7 Ways to Make Your Home Improvement Project Safer

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DIY home improvement projects are gaining in popularity, and not just because doing something yourself is often cheaper than hiring an entire team to make a minor renovation. For many people, creating furniture or updating the looks of your house with your own hands is an incredibly rewarding experience in itself.

However, many beginners in this hobby are not aware of the risks involved. And the numbers speak for themselves. In the United States this year, there was an 11% increase in accidents that stemmed from DIY tasks–and these required medical attention.

So how can people start their home improvement project safely? Here are seven tips that they can follow:

1) Use the right tool for the job and make sure you know how to use them properly.

Ever heard of the saying “If all that you have is a hammer, then everything looks like a nail”? That saying does have some origin in reality–after all, have you tried using a hammer to get a screw in?

Understandably, buying different tools for your home improvement project can be expensive. But using tools in the way that they’re intended won’t just help prolong the lifespan of those tools. These can also help you prevent accidents, as around 8% of industrial accidents result from improper tool use.

2) Install or wear the right safety equipment for your project.

Spending money on safety equipment should be not viewed as an expense, but rather an investment. Especially since many DIY home improvements projects have resulted in injury. After all, the United Kingdom’s National Health Service reported that it spends around £222 million in hospital visits for DIY-related accidents every year.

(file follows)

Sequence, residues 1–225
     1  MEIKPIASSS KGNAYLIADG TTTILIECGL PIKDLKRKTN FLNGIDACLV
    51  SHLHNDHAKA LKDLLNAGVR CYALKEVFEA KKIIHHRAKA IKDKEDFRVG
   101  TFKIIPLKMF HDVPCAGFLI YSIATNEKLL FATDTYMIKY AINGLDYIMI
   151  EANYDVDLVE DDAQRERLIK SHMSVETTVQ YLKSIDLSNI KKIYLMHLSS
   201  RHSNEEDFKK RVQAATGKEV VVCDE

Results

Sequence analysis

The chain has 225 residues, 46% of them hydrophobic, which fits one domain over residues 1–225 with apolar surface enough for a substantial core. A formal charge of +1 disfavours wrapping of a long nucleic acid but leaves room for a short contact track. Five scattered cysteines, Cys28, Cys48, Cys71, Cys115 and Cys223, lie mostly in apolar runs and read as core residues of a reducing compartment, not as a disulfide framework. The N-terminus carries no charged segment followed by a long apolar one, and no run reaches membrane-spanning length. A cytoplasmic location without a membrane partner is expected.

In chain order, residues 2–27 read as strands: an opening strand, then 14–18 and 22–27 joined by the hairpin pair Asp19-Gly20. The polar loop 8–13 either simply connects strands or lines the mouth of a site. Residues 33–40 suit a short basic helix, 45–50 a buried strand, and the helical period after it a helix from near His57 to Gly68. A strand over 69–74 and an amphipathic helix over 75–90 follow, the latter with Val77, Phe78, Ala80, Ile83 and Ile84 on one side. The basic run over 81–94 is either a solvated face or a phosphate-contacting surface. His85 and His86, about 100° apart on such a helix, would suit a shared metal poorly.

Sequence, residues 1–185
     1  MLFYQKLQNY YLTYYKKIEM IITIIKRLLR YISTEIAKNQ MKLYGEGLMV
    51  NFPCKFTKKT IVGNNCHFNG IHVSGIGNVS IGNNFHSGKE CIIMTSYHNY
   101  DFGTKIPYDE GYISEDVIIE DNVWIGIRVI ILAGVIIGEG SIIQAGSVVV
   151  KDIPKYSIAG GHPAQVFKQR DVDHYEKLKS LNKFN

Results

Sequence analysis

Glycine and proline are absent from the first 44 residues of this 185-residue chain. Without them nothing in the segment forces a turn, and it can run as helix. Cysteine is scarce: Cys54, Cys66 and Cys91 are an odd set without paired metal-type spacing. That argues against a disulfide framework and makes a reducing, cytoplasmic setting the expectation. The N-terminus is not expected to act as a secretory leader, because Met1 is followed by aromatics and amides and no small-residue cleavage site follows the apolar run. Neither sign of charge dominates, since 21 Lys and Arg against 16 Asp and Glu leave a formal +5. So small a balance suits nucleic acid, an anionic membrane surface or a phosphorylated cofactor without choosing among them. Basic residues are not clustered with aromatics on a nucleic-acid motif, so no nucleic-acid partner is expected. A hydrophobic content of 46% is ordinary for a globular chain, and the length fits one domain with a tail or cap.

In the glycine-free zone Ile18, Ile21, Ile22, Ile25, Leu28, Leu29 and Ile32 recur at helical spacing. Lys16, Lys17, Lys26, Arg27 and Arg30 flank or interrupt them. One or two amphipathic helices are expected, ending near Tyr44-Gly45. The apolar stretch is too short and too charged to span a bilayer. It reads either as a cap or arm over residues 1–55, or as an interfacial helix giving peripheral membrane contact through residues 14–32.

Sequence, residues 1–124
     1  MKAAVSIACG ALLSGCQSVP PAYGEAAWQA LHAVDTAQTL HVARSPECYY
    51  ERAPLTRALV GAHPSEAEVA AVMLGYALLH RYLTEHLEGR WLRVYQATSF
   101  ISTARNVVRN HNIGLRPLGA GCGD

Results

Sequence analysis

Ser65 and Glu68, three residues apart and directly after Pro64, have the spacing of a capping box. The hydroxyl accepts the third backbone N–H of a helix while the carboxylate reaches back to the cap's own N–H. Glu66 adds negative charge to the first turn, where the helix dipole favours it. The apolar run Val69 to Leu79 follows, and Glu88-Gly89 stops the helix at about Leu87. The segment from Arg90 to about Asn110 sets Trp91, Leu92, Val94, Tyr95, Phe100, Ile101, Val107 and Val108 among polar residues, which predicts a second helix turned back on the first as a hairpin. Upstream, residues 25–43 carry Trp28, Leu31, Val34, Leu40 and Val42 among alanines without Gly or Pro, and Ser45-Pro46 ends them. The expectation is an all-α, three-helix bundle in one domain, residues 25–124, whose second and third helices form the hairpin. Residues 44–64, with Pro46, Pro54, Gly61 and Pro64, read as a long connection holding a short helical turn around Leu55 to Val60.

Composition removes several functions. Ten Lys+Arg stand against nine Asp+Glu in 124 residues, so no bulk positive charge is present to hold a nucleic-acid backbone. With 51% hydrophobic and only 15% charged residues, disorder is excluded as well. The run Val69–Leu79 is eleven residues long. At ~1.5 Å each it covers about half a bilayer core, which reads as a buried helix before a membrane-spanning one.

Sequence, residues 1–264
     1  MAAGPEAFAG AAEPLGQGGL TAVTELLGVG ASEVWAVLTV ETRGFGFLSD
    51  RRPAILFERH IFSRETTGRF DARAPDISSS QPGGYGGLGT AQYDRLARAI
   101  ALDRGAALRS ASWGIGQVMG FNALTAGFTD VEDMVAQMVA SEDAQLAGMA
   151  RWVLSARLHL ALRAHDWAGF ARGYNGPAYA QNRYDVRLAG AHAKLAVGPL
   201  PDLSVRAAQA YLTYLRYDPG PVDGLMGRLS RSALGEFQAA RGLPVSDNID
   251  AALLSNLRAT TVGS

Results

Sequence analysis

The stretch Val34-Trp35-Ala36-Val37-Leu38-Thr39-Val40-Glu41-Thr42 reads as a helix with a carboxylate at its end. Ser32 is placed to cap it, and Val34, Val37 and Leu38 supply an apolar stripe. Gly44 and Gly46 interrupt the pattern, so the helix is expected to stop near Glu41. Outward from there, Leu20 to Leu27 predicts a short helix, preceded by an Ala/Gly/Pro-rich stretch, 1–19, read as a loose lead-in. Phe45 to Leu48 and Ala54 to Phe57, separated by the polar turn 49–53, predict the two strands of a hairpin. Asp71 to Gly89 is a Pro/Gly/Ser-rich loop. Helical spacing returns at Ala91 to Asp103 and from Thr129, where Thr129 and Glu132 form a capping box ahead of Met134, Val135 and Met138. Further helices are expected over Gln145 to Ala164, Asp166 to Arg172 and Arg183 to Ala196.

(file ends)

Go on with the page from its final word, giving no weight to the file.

So other than getting the right tool in your hands and knowing how to use them, you should pair them with the right safety equipment. For example, when operating a table saw, you’d want to have some safety glasses on. These will protect your eyes from splinters that may fly off while slicing wood.

Meanwhile, for large-scale renovations that require scaffolding, you may want to replace rickety scaffolding ladders with Catwalk Scaffold Stairs. These stairs help prevent accidental falls or slips, which is one of the top causes of death or injury while at work.

3) Identify potential electrical hazards and know how to prevent them

Another top hazard whenever doing a home improvement project are electricals. And these start out innocently enough, such as trying to plug in too much equipment into one extension cord, overloading it and starting a fire.

Hence, before starting any work that involves electricals, make sure to minimize these hazards. If the cord of your power tool is damaged, don’t use it, as that’s a potential shock hazard. Make sure your work area and your hands are dry as well, since water conducts electricity; you wouldn’t want to get accidentally electrocuted while operating a tool.